Serial killers are terrifying when it's just one person, but when it's a whole family? That's beyond creepy. When most people think serial killers they think of men, or maybe killer couples, scorned women literally thirsty for blood, or little old ladies who weren't so nice.
What you might not think of are serial killer families. What's more horrifying than a family of murderers who kill together? These families are ruthless killers who you wouldn't want living next door. But you know what they say: the family that murders together, stays together.
The Bean Clan Was a Huge Gang of Cannibal Murderers
No one knows for certain whether the Bean Clan really existed. They supposedly lived any time between the 13th and 16th centuries in Scotland. As the story goes, Sawney Bean and his wife took up residence in a cave called Bennane Cave just after they were married, and Mr. Bean decided to support his family by robbery.
Bean soon determined he had to kill the victims he robbed so he wouldn't get caught. The decision to murder the robbery victims quickly led to the idea to eat them as well. Mr. and Mrs. Bean began raising children on a diet of human meat, and as the children grew up, they began to take part in the murdering and the cooking. The Bean Clan was known to kill half a dozen victims all at once in an ambush.
The family continued to grow and the killings went on until one day when an ambush went wrong, and the murderous family members were surprised and overwhelmed by dozens of witnesses to their latest attack. Shortly thereafter, all 48 members of the family were captured and executed for their crimes.
The Tarverdiyeva Family Went from Regular Day Jobs to Vicious Serial Killers
The Tarverdiyeva family was responsible for at least 30 murders in the Rostov region of Russia from 2007 to 2013. The matriarch, Inessa, gave up her job as a nursery teacher in favor of robbing and killing people. She, her dentist husband, and her two daughters all committed the crimes together. The younger daughter was only 13 at the time the family was apprehended.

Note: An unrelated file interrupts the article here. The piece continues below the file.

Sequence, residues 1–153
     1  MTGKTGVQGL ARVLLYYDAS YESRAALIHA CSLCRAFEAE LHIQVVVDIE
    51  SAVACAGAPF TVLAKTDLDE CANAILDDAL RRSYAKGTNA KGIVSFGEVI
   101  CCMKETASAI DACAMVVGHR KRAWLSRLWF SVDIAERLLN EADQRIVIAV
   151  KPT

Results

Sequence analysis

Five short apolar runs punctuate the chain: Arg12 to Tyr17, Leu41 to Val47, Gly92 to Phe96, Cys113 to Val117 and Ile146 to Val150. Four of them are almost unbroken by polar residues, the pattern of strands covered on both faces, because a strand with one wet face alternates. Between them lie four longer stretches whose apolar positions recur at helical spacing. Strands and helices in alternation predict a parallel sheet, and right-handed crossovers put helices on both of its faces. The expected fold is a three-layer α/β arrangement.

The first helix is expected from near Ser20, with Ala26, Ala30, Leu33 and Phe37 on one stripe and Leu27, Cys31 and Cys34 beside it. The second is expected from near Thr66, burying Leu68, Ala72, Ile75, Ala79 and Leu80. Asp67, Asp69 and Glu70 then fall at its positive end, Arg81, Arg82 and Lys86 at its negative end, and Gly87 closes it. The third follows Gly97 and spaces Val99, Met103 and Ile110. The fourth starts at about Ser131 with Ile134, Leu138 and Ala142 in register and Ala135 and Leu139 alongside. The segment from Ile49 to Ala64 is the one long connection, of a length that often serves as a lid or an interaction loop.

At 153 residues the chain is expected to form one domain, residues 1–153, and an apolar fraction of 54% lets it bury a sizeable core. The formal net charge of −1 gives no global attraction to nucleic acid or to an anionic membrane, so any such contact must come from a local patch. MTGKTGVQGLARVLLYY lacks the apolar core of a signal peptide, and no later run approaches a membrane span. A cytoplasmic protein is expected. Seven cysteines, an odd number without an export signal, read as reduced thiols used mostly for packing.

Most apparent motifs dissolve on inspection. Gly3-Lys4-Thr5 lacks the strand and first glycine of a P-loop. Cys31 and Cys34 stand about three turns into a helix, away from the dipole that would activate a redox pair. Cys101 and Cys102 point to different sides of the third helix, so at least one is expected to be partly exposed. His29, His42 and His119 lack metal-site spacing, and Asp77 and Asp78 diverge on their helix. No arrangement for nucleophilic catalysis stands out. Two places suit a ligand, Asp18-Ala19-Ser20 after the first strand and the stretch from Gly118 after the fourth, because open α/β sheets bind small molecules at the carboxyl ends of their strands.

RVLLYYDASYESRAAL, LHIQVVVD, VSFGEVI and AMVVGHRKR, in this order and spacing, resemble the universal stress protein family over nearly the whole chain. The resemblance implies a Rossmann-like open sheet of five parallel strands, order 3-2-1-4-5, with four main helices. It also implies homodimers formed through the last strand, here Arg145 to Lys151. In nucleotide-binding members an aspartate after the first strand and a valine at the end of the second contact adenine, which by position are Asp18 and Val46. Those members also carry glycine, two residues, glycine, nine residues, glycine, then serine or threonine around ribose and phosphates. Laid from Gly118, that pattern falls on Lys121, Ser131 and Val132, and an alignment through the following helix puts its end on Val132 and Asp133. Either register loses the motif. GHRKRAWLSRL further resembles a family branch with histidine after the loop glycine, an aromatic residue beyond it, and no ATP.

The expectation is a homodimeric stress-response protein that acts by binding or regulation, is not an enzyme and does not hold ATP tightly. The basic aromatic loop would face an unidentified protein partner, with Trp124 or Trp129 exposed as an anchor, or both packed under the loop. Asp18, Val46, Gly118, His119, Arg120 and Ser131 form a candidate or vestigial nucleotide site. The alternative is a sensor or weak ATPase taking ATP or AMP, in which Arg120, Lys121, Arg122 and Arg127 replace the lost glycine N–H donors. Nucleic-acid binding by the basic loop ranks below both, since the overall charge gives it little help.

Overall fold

The family typically broke into homes to rob and kill their victims, although some victims were killed in their cars. Among the family's victims were six policemen, some of whom were murdered for their weapons, and some just for their money.
Their crimes were grisly. On one occasion they gouged out the eyes of two teenage girls, one of whom was Inessa's own goddaughter. Inessa showed no remorse when she was finally arrested, saying, "I am a gangster by nature," and killing was a "means of earning money."
The Gonzalez Sisters Set a Murder World Record
The Gonzalez sisters killed at least 91 people in the 1950s and '60s. Delfina and María de Jesús Gonzalez ran a sex trafficking operation in San Francisco del Rincón in Mexico. The sisters would recruit women by promising them jobs as waitresses or maids. Once the women arrived, the sisters took them into captivity and forced them to have sex with men for money.
When the women got sick (many with STDs) or refused to have sex with customers, the Gonzalez sisters killed them by starving or beating them. Many of the women became pregnant, and the Gonzalez sisters would force them to abort their babies. When the property was eventually raided, the bodies of several fetuses were found along with the adult victims.
The sisters also killed male customers who happened to have a lot of money. Their body count of 91 earned them the Guinness World Records title of "Most prolific murder partnership." Two other sisters, Carmen and Maria Luisa, also aided in the crimes, although they were not included in the Guinness title.
The Harpe Brothers Were America's First Serial Killers
The Harpe Brothers were probably the first serial killers in America. Some sources suggest they were actually cousins, though they are widely known as brothers. The Harpes fought for the British in the Revolutionary War, but eventually grew bored with being soldiers. They captured two women for their wives and moved from the Carolinas to present day Tennessee in 1781.
From 1781 to 1799, the Harpes murdered dozens of victims from Tennessee to Illinois. They often teamed up with other outlaws along the way. Their victims were mostly travelers or pioneers in small settlements or inns, and they were even rumored to have murdered their own children. Their signature was cutting disemboweling the bodies, filling them with rocks and throwing them into the river to sink.
In 1799, one of the brothers was shot by a family member of one of his victims. Before dying, he confessed to at least 20 murders. The other brother escaped but was finally captured and executed in 1804.